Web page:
However, a shift of moderates to the reformist camp, as predicted by Haghsenas, could significantly change the political landscape of parliament.

The reformists and the moderates disagree on several key issues. The majority of moderates believe in the Iran’s current Islamic democracy model and as such are wary of some reformists, who want to introduce a secular state.

The two sides notably fell out when reformist Mohammad Khatami, who is a firm believer in the Islamic Revolution, beat moderate Akbar Hashemi Rafsanjani in the 1997 presidential elections.

But they also see eye to eye on things including engagement with the West, the nuclear deal, and share a generally more laissez-faire approach to some social issues, such as wearing the hijab.

Saeed Laylaz, a reformist analyst, told MEE that under the current situation, "it is natural that we would prefer moderates to hardliners who are seeking to stop the country progressing".

“They actually have this wish to bring back the [nuclear] sanctions [finally lifted last month] to the country,” he said.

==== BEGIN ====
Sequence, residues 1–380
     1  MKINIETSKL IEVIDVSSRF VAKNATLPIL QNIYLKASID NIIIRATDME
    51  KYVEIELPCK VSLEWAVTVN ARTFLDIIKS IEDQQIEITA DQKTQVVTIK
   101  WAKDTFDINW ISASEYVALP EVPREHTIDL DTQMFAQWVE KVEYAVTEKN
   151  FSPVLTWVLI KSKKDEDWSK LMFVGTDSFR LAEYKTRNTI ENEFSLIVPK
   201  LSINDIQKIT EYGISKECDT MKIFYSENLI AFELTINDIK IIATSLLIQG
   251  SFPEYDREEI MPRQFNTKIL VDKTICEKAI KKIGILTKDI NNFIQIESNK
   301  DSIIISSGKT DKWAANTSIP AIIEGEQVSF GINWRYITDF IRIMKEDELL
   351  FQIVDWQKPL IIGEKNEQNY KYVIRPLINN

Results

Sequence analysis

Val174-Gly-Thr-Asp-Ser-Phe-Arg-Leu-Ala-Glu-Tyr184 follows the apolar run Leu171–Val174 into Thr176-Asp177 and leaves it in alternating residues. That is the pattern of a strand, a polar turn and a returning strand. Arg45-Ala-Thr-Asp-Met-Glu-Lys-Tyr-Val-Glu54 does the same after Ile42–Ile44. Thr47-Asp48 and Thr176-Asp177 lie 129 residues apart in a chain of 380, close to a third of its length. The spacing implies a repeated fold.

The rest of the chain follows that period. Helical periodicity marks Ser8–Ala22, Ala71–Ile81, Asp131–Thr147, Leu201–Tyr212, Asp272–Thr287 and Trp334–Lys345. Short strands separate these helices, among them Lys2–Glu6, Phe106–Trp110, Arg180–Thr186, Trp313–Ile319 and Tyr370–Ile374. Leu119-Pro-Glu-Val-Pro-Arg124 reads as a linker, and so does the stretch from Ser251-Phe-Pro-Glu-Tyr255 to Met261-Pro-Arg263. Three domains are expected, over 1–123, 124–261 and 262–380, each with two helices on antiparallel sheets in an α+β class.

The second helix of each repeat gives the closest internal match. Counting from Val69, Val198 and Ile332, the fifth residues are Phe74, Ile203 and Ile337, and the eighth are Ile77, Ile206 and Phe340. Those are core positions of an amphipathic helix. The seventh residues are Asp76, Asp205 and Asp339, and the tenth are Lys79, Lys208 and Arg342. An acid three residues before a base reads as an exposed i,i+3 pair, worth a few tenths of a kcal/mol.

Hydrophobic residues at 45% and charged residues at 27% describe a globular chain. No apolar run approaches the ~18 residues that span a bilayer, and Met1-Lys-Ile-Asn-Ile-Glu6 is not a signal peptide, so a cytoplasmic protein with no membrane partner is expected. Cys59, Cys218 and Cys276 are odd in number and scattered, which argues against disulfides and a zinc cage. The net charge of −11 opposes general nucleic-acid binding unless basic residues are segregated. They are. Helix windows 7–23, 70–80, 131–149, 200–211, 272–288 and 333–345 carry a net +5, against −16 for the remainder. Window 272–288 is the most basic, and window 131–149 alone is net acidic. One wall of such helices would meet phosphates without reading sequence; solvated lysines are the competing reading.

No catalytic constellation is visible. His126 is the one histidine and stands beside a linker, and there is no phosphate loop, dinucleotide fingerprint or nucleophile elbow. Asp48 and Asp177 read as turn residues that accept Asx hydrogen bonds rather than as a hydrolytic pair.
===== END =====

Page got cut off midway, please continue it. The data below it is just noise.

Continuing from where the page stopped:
“Hardliners damaged the country’s economy by fully supporting former president Mahmoud Ahmadinejad. Now, the moderates and reformists have reached an agreement over one issue - improving the economy. That is why they may align with each other.”

Such a convergence happened last year, when parliament speaker Ali Larijani and reformists defeated the hardliners to pass the nuclear agreement in parliament, Laylaz added.

The hardliners are absolutely against any interaction with the West, and consider themselves as the real and only remaining saviours of the 1979 Islamic Revolution. They firmly oppose the nuclear deal and have attempted to spoil it.